Bern Weather

Bern Weather Overview:
Bern is on the boundary of the oceanic climate zone and the continental zone. The wind direction is almost always westerly bringing higher than average precipitation for the city, increased still further by its proximity to the Bernese Alps.
All Time Highs and Lows:
The city has a generally mild climate and so the extremes it has suffered aren’t as much as in other parts of Switzerland. In 2003 it recorded its highest temperature of 38C whilst nearly seventy years earlier, the lowest temperature ever recorded there of -14C was endured.

Weather Science:
Bern is located on the Swiss plateau, not far from the Bernese Alps and enjoys a continental climate, tempered according to atmospheric conditions to an oceanic climate. The flat region, whilst still at some altitude can suffer huge banks of freezing fog, cooled by a north-easterly wind called the bise. These conditions can last for weeks giving the city a miserable feel and demeanour.

The Seasons:

Spring: It’s in March that the weather really begins to pick up. With sunshine hours two and a half times that of January, there’s a brighter feel to the season. By the time we get to May, six hours of sunshine a day is seen on average. As with Basel, as the season progresses, the amount of rainfall and the number of rainy days increases too. Whilst March will see an average high of 8C and nights still regularly below freezing, May has a very pleasant feel with temperatures in the mid-sixties.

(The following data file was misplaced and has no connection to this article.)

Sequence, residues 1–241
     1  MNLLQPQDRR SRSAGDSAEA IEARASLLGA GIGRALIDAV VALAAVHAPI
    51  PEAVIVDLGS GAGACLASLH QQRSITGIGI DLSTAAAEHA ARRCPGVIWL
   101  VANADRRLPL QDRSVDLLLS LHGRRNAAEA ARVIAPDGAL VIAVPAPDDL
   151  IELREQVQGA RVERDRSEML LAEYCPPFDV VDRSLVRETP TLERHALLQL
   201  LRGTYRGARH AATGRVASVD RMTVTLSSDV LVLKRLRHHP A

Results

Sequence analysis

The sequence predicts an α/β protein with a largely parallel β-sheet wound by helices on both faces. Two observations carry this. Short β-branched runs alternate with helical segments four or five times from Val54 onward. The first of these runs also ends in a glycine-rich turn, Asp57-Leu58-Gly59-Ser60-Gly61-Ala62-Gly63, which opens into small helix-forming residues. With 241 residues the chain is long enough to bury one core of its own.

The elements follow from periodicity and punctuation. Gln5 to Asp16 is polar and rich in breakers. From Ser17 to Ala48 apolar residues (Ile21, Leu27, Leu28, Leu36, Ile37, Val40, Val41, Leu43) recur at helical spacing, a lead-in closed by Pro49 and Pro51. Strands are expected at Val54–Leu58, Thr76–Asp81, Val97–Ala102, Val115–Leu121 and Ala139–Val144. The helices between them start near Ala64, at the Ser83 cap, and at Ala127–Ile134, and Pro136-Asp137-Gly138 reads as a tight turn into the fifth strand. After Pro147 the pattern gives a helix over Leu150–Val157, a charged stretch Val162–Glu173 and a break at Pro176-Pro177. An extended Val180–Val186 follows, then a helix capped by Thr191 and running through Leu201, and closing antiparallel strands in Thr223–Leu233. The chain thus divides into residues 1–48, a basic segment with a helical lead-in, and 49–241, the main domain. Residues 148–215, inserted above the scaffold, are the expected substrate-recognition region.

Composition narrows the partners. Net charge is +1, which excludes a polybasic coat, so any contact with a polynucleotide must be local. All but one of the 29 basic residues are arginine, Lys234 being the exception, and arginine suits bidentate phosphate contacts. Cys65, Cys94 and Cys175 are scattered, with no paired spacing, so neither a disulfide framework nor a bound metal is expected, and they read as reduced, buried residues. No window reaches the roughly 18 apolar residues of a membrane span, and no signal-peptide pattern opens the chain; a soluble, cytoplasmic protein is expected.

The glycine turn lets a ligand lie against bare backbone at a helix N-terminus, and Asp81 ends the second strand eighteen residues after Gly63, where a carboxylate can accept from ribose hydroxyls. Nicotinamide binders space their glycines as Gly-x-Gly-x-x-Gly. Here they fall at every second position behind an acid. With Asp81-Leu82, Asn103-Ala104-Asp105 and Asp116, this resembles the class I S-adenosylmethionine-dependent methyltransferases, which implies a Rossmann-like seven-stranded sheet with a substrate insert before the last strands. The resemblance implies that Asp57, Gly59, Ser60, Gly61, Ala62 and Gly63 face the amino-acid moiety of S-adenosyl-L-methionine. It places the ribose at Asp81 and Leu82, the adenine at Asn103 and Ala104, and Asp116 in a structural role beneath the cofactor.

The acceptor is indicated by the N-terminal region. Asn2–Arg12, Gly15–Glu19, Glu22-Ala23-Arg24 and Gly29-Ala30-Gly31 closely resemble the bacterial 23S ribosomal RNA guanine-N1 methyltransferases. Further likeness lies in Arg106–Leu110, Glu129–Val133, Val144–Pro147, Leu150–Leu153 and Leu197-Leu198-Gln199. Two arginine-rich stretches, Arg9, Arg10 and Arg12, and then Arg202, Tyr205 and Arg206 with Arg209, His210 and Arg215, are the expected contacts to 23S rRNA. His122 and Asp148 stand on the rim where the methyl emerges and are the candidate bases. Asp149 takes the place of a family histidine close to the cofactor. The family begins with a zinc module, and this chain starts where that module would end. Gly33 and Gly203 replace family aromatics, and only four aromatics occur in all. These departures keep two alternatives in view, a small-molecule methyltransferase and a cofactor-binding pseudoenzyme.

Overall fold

Summer: The summer months see twice as much rain as January but the rain comes in short thundery bursts and doesn’t generally spoil outdoor activities. Temperatures rise into the mid and upper seventies but with a dry atmosphere it never feels too hot. Sunshine hours are now averaging eight hours a day so plenty of nice weather for enjoying the sights of the Swiss capital.

Autumn: Whilst September starts off brightly and with warm sunny days, the temperature and sunshine levels soon drop away with November having a third of the sunshine levels of September. Rainfall stays at a constant level through the season but becomes lighter and more prolonged into autumn.

Winter: Winter has some unusual weather with stationary air over the plateau leading to dense fog banks that linger. The fog acts as a blanket, keeping temperatures close to the ground low, fanned by a gentle but icy north east wind called the bise. December and January are the coldest months when temperatures rarely rise above freezing and snow falls instead of rain.

Best Time to Visit:
September is by far the best month to visit with warm days, cool nights and little rain and whilst the sunshine hours have started to drop, there are enough days of sunshine to ensure you enjoy a stay in the Swiss capital.